While this is a bit off course toward the discussion of an unusually small gripped katar, I have to say I had never heard of a tulwar used as a 'two hander'. It has been difficult to reach any agreement on the idea of the forefinger extended around the quillon to strengthen a striking blow.....but the idea of a second hand to accomplish this is most concerning. I am wondering what becomes of the shield in such instance.

The khanda, as used by Marathas and Rajputs, did seem to have a stem extending from the pommel which was ostensibly for use in a two hand strike, and I have seen tulwars with a similar type stem.

As I was suggesting earlier, the practice of the forefinger wrapped around the quillon or the little finger outside the guard on the katar, were incidental situations and not of any martial arts dogma in India.

The 'Indian ricasso' as far as I recall from various discussions through the years, seemed likely to prevent injury from a finger around the quillon, but I had honestly never thought of it providing a blade area for grasping with a second hand. The sweep of a draw cut using a tulwar as a two hand sword seems unlikely and in my view would be deeply impaired. I would rely on you and those here with martial arts expertise to help me better understand this.


From P.S. Rawson, "The Indian Sword" 1969, p.21, note #64
"...no Persian blade is known to have a feature which may be called the Indian ricasso. This is a short flattened section at the root of the edge which is shouldered into the bevel of the edge. The reason for its existence may have been to safeguard the index finger, which art shows to have been SOMETIMES hooked around the front quillon of the hilt in India".

#64 cites that this info was personally noted to Mr. Rawson by Mr. B.W. Robinson of the V& A museum metalwork dept. in London.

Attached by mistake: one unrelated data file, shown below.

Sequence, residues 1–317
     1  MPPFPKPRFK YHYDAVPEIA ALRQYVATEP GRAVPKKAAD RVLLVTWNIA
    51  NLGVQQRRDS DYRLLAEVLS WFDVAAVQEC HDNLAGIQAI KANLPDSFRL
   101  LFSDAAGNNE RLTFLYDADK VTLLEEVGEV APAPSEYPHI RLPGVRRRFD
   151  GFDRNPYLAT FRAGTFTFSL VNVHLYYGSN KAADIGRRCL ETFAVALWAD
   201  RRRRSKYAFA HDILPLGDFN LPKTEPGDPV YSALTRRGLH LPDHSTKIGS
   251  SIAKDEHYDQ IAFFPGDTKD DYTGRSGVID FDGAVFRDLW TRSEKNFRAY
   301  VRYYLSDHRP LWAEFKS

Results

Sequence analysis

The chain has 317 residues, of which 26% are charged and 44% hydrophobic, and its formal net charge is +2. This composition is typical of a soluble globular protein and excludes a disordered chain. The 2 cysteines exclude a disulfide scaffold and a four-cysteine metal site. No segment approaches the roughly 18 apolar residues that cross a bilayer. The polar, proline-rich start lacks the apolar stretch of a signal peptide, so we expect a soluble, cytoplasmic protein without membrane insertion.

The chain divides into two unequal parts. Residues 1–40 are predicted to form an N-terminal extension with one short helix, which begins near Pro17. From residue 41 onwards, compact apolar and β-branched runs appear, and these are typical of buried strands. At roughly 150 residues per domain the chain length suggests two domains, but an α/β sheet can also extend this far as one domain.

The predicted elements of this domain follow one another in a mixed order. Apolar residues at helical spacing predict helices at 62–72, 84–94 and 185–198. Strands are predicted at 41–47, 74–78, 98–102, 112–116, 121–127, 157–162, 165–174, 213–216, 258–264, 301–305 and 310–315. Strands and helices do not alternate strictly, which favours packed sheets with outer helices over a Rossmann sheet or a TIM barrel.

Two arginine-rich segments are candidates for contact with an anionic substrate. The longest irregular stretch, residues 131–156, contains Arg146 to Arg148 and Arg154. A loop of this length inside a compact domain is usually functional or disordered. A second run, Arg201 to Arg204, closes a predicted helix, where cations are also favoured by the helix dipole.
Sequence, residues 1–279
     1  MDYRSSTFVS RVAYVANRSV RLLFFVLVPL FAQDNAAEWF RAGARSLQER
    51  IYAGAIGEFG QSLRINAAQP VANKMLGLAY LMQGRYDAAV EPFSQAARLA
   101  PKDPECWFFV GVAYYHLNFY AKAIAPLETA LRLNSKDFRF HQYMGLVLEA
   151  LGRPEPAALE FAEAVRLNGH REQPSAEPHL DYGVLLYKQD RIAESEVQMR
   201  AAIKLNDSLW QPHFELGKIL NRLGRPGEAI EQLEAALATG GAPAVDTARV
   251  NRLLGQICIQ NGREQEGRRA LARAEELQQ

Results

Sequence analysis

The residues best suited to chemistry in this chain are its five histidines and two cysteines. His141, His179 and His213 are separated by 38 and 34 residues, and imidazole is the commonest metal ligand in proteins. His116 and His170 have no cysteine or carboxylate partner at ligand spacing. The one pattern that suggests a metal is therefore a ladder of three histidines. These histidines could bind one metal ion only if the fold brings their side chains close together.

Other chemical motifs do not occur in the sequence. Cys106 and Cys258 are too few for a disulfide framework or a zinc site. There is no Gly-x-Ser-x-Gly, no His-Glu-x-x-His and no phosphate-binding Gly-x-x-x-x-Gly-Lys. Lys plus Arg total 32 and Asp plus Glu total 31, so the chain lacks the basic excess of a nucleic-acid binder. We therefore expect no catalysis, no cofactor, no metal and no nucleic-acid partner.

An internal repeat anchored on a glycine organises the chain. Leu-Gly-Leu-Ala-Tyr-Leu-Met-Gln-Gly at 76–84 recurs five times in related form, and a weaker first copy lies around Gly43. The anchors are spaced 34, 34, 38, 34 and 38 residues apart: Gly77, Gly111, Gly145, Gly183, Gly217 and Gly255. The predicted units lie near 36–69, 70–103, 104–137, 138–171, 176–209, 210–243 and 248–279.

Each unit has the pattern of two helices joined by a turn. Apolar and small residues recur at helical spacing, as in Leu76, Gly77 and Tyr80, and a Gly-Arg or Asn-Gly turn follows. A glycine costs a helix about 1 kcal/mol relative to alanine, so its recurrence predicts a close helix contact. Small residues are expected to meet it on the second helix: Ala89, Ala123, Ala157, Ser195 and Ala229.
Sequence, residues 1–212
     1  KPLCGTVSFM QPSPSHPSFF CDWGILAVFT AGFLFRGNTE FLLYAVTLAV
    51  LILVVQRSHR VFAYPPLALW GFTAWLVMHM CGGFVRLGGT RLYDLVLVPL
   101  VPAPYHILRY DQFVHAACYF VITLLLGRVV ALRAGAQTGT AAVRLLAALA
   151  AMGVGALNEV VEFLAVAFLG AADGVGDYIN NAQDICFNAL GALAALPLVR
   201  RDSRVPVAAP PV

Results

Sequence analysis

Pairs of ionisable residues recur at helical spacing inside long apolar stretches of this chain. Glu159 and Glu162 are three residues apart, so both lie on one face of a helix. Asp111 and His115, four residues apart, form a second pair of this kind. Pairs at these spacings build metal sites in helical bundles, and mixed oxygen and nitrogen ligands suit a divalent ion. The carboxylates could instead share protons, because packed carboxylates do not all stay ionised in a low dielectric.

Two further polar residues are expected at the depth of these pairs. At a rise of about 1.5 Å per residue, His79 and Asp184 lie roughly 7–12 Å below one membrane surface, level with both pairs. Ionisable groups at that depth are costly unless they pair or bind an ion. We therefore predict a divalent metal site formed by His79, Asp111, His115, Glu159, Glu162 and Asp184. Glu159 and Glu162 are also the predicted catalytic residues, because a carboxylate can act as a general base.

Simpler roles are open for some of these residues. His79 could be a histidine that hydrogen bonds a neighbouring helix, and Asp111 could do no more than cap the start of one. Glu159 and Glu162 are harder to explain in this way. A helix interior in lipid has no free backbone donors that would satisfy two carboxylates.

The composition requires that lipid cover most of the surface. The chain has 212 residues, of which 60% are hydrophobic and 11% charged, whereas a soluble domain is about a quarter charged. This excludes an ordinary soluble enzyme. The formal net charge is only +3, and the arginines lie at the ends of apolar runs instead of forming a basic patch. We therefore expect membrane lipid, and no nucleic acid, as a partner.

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Old 26th May 2019, 08:24 AM   #37
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This is a very interesting and helpful discussion, but until now I do not know wether my katar has been made for a child or an adult Indian.

The fotos attached show the width of the grip between its bars and show that it is impossible to get more than three fingers into it. The size of my gloves is 7,5 to 8 what I believe is a rather small size for an average European. But as the foto shows my "small" hands and the ones of my wi8fe are much too wide or broad for this katar. I cannot believe that there have been adult Indians with hands smaller than 5,5 cm which would be a dimension that would fit comfortably for this katar.

If this katar with this size would really be for an adult, than there must also have been in existence tulwars which such narrow or small grips but this I never have seen until today.
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Old 26th May 2019, 10:14 AM   #38
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Udo, i would say yours is definitely for an adolescent, not for a small handed man. I once had one with an (also) extremely narrow width between bars (6 cms), which was sold to me by someone alledgedly with enough knowledge to tag it as such.

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Old 26th May 2019, 10:25 AM   #39
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Thanks Fernando, that's was what I wanted to know!
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Old 26th May 2019, 11:18 AM   #40
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Corrado, as you can see from the posts above no one can really ansver your question, but why would a weapon smith make a katar hilt more narrow than the hand it should fit?
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Old 26th May 2019, 03:07 PM   #41
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Jens, you should know better than me ...
Does the Indian man go the smith's workshop and chooses a ready made katar that fits his (or his son's) hands, or orders the smith to forge them according to their size ?
... or more probably the common man fits the first case and the wealthy noble the second one ?
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Old 26th May 2019, 03:36 PM   #42
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Fernando, I think it worked both ways.
The katars in the armouries were of a general size, but the ones with some money would have had it made to fit the hand.